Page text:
Reporting valid and reliable overall scores and domain scores

Lihua Yao*

*Corresponding author for this work

Research output: Contribution to journalArticlepeer-review

30 Scopus citations


In educational assessment, overall scores obtained by simply averaging a number of domain scores are sometimes reported. However, simply averaging the domain scores ignores the fact that different domains have different score points, that scores from those domains are related, and that at different score points the relationship between overall score and domain score may be different. To report reliable and valid overall scores and domain scores, I investigated the performance of four methods using both real and simulation data: (a) the unidimensional IRT model; (b) the higher-order IRT model, which simultaneously estimates the overall ability and domain abilities; (c) the multidimensional IRT (MIRT) model, which estimates domain abilities and uses the maximum information method to obtain the overall ability; and (d) the bifactor general model. My findings suggest that the MIRT model not only provides reliable domain scores, but also produces reliable overall scores. The overall score from the MIRT maximum information method has the smallest standard error of measurement. In addition, unlike the other models, there is no linear relationship assumed between overall score and domain scores. Recommendations for sizes of correlations between domains and the number of items needed for reporting purposes are provided.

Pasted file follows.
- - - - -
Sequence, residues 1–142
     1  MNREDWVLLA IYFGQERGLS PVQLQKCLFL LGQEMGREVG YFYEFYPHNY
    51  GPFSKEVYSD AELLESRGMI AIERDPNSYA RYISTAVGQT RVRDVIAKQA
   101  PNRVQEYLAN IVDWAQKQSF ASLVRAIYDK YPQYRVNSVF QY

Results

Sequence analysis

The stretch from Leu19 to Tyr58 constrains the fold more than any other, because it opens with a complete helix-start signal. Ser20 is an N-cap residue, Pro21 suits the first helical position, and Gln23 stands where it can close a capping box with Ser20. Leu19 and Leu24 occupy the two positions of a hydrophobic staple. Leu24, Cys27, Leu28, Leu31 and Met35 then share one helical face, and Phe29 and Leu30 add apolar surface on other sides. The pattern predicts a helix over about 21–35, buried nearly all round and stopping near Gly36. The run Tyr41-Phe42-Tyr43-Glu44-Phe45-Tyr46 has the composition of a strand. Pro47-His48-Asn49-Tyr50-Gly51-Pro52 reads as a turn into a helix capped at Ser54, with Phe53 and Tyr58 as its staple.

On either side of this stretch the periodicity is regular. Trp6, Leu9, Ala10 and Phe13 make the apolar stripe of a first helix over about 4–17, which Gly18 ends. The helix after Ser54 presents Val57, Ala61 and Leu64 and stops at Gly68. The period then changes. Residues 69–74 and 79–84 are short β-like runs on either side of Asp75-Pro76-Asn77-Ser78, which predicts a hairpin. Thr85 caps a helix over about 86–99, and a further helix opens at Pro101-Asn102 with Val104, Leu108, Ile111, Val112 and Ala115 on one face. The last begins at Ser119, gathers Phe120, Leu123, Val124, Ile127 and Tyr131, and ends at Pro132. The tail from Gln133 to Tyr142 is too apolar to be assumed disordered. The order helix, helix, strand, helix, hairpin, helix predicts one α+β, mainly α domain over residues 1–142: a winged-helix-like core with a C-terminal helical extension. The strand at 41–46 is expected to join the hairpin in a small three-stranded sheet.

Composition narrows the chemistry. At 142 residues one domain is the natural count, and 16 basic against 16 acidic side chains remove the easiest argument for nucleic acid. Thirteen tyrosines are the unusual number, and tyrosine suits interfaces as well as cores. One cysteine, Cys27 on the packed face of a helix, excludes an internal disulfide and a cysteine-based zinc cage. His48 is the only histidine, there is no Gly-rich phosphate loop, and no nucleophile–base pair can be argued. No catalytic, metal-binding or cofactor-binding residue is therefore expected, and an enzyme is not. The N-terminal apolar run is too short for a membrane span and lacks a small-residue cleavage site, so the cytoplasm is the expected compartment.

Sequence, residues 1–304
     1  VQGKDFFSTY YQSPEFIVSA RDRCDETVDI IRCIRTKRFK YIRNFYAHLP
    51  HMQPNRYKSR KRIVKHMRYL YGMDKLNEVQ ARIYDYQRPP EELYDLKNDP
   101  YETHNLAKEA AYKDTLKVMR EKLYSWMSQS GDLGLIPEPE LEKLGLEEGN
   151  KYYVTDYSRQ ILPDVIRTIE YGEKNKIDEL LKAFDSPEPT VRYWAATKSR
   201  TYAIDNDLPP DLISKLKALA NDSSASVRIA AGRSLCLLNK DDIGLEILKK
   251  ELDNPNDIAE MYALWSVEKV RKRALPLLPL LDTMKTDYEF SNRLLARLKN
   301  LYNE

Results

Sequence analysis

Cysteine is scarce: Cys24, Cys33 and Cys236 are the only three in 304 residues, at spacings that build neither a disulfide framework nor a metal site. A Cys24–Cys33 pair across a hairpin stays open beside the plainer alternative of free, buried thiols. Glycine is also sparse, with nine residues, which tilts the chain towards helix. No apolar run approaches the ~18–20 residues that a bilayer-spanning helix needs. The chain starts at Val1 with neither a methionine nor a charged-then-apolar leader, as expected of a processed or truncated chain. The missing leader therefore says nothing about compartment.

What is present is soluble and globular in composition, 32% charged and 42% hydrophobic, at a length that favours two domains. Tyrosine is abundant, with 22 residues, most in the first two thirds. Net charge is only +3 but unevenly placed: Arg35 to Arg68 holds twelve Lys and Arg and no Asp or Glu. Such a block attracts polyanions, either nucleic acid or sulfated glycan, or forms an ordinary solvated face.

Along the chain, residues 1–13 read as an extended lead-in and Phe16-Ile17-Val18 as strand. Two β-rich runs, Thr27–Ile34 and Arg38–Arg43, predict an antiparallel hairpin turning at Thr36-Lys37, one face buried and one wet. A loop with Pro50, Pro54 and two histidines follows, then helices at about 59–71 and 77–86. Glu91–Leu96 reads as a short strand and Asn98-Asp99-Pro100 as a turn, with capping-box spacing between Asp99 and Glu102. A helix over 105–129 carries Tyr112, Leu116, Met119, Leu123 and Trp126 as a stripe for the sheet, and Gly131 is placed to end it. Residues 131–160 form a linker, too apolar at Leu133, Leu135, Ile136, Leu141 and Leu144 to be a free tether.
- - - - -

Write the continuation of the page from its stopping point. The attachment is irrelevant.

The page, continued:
Original languageEnglish (US)
Pages (from-to)339-360
Number of pages22
JournalJournal of Educational Measurement
Issue number3
StatePublished - Sep 2010

ASJC Scopus subject areas

  • Education
  • Developmental and Educational Psychology
  • Applied Psychology
  • Psychology (miscellaneous)


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